On Colombia: a dangerous place for activists

I mentioned in my introductory post that I’m currently engaged in research in Colombia, and that I’ll be posting about that research on a fairly regular basis. A pretty strong case can be made that the experience of “development” in Colombia is one of the most interesting possible subjects for a student of development. The Colombian situation is immensely complex thanks to the country’s ongoing armed conflict, its remarkably progressive legal tradition, its atrocious recent record on human rights, its relatively close relationship with the United States on the geopolitical stage, its geographic location, its abundance of natural resources, and on and on and on.

About a month and a half ago, I wrote a guest blog post at Find What Works (an excellent development blog written by a friend and former coworker of mine, Dave Algoso) outlining the basic contours of the issues I’m researching. I highly encourage readers to click through and read that post, as it serves as a concise introduction to many of the topics I’ll cover in my writings here.

One extremely important thing to know is that virtually all Colombian human rights advocates, labor activists, community leaders, and so on live very dangerous lives. These activists, who are attempting to force Colombian national economic policy to respect the livelihoods and territories of disempowered peoples, face regular death threats – threats that are actually carried out at a depressing rate. In the first six months of 2011, 29 human rights defenders were murdered, and the International Trade Union Confederation claims that in 2011 to date, 19 union leaders have been murdered. As part of my research I conducted numerous interviews this summer in Bogotá, and perhaps 25% of my interviewees or their organizations were facing a recent death threat from the Black Eagles, one of the major right-wing paramilitary groups active in the country.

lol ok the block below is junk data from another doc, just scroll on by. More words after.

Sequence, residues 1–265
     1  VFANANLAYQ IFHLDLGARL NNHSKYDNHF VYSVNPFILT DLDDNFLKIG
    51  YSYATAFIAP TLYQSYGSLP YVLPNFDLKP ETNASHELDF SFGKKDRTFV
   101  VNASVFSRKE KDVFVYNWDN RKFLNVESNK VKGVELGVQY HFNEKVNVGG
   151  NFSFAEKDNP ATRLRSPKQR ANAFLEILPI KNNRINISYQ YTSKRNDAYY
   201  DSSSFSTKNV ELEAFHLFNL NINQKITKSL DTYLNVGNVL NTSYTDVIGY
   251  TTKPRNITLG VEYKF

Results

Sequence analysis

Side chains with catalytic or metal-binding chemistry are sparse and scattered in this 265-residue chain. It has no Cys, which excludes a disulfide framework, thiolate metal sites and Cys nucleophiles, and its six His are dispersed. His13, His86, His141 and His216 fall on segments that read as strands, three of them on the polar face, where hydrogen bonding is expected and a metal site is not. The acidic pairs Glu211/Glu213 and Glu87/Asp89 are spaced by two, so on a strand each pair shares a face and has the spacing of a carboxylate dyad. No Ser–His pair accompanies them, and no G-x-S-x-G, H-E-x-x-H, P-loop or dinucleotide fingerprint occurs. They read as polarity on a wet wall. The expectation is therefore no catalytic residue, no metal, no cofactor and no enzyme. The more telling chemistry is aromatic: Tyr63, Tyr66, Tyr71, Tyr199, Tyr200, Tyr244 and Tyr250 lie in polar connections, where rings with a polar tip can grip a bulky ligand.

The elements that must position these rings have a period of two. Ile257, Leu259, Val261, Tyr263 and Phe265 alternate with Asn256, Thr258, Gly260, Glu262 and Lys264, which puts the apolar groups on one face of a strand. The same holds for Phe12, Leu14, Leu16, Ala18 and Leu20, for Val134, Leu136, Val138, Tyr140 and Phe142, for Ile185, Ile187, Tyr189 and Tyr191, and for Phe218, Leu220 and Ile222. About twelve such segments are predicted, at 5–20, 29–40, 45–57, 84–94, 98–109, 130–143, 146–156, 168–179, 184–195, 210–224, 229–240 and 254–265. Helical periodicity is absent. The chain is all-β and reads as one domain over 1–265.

There is a systemic reason for these threats and violence. Colombia’s former President, Álvaro Uribe, referred to human rights defenders as “the intellectual wing of the FARC” on numerous occasions (for example, or see the Center for International Policy for a long list) – essentially calling them terrorists. Uribe’s entire presidency was dominated by a crackdown on guerrillas, which he called “terrorists” for some very important and problematic reasons that I’ll go into later. By lumping human rights defenders in with terrorists, he immediately created an environment in which those defenders had to fear for their lives.

Doing “development” in a country with mass human rights abuses, where human rights defenders are specifically targeted for persecution, raises a lot of tough questions. In Colombia, it’s even trickier, because the human rights violations are often directly tied to “development” initiatives. People are regularly forced off their land to make way for commercial ventures, infrastructural megaprojects, and so on. If they try to resist, their leaders are threatened and killed. In some cases, massacres are carried out that go far beyond just leaders.

In this context, it becomes crystal clear that international actors need to be extremely careful about the kind of “development” interventions they promulgate in Colombia. There’s a lot about the Colombian situation that isn’t generalizable because of the country’s unique history. That said, there’s also a lot to be learned from an extreme situation.

Post a comment or leave a trackback: Trackback URL.

Trackbacks

  • By Did he really say that? « Power and Participation on September 13, 2011 at 2:36 pm

    […] the guerrillas – dangerously undermining key actors in the democratic process. I’ve mentioned this previously on the blog – on multiple occasions Uribe referred to human rights defenders as the […]

Leave a Reply

Fill in your details below or click an icon to log in:

WordPress.com Logo

You are commenting using your WordPress.com account. Log Out / Change )

Twitter picture

You are commenting using your Twitter account. Log Out / Change )

Facebook photo

You are commenting using your Facebook account. Log Out / Change )

Google+ photo

You are commenting using your Google+ account. Log Out / Change )

Connecting to %s

%d bloggers like this: